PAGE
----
Why claims of stellar economic growth, industrial peace, taunt rather than cheer PH workers

For progressive unions, Aquino’s ‘stellar economic growth’ and ‘industrial peace’ are rosy reports that cheer only the corporate few who benefit from it. For the working majority, the claims sounded more like a taunt because it rested on what they call as ‘false claims’ or deception, coupled with repression.

By MARYA SALAMAT
Bulatlat.com

MANILA — Amid the flurries of yearender stories are boasts coming from the Office of President Benigno Aquino III that the Philippine economy is enjoying a stellar economic growth. Malacañang has ticked off statistics and names of various credit ratings agencies to bolster its reports on growth, which supposedly bucked trends in worldwide or even just in its neighboring countries’ performance.

But if statistics were to be cited at all, the progressive labor center Kilusang Mayo Uno said that what best captures the workers’ plight in recapping 2013 is this: “P10 billion ($225 million) kickback for Napoles, P10 million ($225 thousand) pork for the SSS board, and P10 ($0.23) wage hike for workers.” Elmer “Bong” Labog, chairman of KMU, said this illustrates better the state not only of Filipino workers but of the nation, where he said the corrupt few are getting richer while the hardworking majority are getting poorer.

In 2013, the sources of decent-paying livelihoods in which Filipinos could have shared the vaunted stellar growth still continued to elude them. In fact, Filipino working people seem purposefully denied their chance to share in the fruits of this supposed growth — as the growth only translated into bigger profits for bigger companies while the working people who created it continue to lose in terms of chances at having decent work, wages, benefits and union rights.

1. ‘Most number of jobless in history’

According to non-government thinktank Ibon Foundation, the combined estimated number of unemployed and underemployed in 2013 was 11.9 million with some 549,000 job losses among farmers, fisherfolk and workers and around 16,000 job losses among professionals. Ibon corrected in this estimate the lower numbers habitually misreported by the government after changing definitions in 2005. Without the new definitions which removed from statistics certain groups of actually unemployed, the more than 4.4 million jobless is “the most number of jobless Filipinos in history,” Ibon said in a statement.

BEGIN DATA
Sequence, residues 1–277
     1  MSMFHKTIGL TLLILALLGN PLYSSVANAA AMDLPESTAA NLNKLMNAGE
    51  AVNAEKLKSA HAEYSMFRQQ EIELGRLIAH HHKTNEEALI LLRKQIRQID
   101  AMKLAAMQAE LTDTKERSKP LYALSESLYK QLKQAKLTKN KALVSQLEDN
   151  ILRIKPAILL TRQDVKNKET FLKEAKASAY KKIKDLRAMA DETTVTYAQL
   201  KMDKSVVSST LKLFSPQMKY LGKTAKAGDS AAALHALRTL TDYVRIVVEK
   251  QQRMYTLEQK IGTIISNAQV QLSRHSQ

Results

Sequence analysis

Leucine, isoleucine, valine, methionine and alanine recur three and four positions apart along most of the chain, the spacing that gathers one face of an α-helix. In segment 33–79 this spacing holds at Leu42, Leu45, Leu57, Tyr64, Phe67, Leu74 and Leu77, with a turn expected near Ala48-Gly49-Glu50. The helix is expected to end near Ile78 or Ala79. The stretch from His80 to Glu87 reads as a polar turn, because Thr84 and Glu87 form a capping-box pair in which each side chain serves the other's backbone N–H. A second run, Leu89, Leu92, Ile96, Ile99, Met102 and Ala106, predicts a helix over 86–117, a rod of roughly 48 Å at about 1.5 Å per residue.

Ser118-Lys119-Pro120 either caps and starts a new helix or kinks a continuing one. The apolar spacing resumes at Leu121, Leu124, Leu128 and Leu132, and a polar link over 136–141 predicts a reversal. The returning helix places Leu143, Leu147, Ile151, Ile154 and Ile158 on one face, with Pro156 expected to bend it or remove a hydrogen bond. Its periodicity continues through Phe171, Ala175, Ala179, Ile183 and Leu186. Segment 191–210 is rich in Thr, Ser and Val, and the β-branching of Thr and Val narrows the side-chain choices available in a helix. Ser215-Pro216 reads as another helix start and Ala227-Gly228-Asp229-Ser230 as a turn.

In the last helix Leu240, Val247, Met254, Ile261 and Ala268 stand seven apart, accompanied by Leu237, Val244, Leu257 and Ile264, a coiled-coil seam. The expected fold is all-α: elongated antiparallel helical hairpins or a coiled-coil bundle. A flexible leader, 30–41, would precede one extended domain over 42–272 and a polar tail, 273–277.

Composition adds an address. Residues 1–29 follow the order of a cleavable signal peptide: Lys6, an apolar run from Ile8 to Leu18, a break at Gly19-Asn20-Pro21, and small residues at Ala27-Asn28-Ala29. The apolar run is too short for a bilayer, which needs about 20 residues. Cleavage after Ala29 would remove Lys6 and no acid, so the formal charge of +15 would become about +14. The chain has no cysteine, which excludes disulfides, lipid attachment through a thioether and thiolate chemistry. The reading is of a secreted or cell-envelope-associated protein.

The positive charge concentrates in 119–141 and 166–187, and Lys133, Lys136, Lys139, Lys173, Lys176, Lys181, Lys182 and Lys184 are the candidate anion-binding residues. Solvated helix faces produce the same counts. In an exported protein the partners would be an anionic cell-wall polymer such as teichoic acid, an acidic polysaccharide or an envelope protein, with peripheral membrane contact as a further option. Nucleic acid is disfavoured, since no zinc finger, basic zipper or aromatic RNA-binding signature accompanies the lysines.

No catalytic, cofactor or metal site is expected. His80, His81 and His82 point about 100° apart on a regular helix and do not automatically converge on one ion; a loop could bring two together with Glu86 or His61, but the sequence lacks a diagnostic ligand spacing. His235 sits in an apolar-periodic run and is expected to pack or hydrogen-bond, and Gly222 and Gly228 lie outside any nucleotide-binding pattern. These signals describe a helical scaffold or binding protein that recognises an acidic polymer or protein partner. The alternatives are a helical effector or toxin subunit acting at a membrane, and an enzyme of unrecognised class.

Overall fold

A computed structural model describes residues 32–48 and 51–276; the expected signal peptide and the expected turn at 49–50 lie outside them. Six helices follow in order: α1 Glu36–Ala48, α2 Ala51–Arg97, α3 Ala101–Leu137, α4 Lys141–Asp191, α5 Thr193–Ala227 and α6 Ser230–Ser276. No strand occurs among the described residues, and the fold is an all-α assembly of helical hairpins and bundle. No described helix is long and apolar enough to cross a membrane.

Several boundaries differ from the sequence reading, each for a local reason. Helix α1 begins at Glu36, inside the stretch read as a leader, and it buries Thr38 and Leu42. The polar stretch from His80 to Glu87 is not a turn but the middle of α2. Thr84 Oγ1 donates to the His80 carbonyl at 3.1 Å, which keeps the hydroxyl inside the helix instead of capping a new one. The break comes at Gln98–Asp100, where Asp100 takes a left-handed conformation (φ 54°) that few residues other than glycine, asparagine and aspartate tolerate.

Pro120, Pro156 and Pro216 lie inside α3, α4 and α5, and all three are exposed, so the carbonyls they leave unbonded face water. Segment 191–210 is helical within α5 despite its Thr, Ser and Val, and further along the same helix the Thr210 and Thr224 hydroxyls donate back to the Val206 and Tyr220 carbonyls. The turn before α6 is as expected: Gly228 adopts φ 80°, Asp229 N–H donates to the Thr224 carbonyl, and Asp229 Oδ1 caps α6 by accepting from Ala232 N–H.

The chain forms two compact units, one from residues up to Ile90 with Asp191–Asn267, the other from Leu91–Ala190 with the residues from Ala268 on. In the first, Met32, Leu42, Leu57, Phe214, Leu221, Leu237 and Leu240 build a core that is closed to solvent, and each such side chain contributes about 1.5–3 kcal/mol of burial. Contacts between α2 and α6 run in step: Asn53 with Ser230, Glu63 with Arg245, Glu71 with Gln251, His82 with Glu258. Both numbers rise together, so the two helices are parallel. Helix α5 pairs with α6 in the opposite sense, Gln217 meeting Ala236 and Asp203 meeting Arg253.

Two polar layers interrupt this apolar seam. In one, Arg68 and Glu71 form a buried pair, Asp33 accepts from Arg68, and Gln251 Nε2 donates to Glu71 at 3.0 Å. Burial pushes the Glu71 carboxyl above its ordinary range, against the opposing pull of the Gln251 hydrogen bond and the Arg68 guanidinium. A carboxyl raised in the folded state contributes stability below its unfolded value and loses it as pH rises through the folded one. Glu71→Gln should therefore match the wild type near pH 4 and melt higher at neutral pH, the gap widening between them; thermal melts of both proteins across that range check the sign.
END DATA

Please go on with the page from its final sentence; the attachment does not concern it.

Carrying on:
The real unemployment rate has stayed in the 10.5-11.1 percent range during the period 2006-2012, Ibon added. The state of joblessness shows starkly in the country’s recording highest levels of unemployment even “at a time of feasting and election, when there should be growth,” as Prof. Leonor Briones said at a presentation of the dismal results of a study on the Aquino government’s budget transparency.

Ibon Foundation noted that the lack of job opportunities in the country is also reflected in how a fifth of the unemployed have college degrees, six percent have post-secondary qualifications and more than a third have high school degrees. Another sign of local joblessness, it added, is the government’s active promotion of labor export policy instead of generating jobs at home, and daily overseas Filipino worker deployment reaching 4,924 in 2012.

What consistently weakens job generation despite ‘stellar growth?’ Ibon Foundation and most progressive peoples’ organizations blame the government’s continued implementation of liberalization policies, which caused domestic agriculture and manufacturing to fall to their smallest share of the economy since at least the 1950s.

In a statement issued on this year’s Human Right’s Day, Ibon Foundation said the share of manufacturing in gross domestic product (GDP) has fallen from 27.6 percent in 1980 to 22 percent in 2012; agriculture’s share in GDP in turn has fallen from 23.5 percent to 11 percent over the same period.

“This shrinking of productive sectors deprives millions of Filipinos the opportunity for decent work, livelihood and means of subsistence,” Ibon said, adding this also partly explains why despite the doleout conditional cash transfer, the poverty incidence rate in the country remains unchanged, while in numbers it worsened.

2. Lowest real wage rates, record profit-taking

The government’s consistent failure in solving unemployment and underemployment not only breeds poverty as millions are denied chances to get jobs. According to KMU’s Labog, “it is also bad news for workers as capitalists, especially the big ones, exploit high unemployment to try to make workers accept lower wages, contractual employment and violations of union rights.”

The labor center said the country’s two-tier wage system, implemented since last year, remains in full effect and has mandated some even more meager wage hikes.

In Region 4’s Calabarzon, which lies immediately south of the capital, workers in its “growth corridor area” were given only a “Conditional Temporary Productivity Allowance” of P12.50 ($0.28) while in “emerging growth area,” hike in minimum wages ranged from P2.00 to P7.00 ($0.05 to $0.16), amounts which are supposed to cover the shortfall in prevailing wages and the region’s “floor wage” of P255 ($5.74).

The two-tier wage system essentially cuts down in two strokes the already criticized as low wages in the country: First, it seeks to institute a lower “floor wage,” sans an enabling law disregarding the present minimum wages; Second, according to labor leaders in Pamantik, KMU’s chapter in Southern Tagalog, it makes it more arduous for workers to demand a share in the increased profits or productivity.

In fact, in light of the growing contractualization of employed workers which, so far, results in reduced unions, the workers’ ability to demand wage hikes, even as just a proportion of hikes in profit, also diminishes.

Labor groups also said the variable wage or second tier is also used as an incentive to drive workers toward working harder than ever, to hike productivity in hopes their wages may be increased.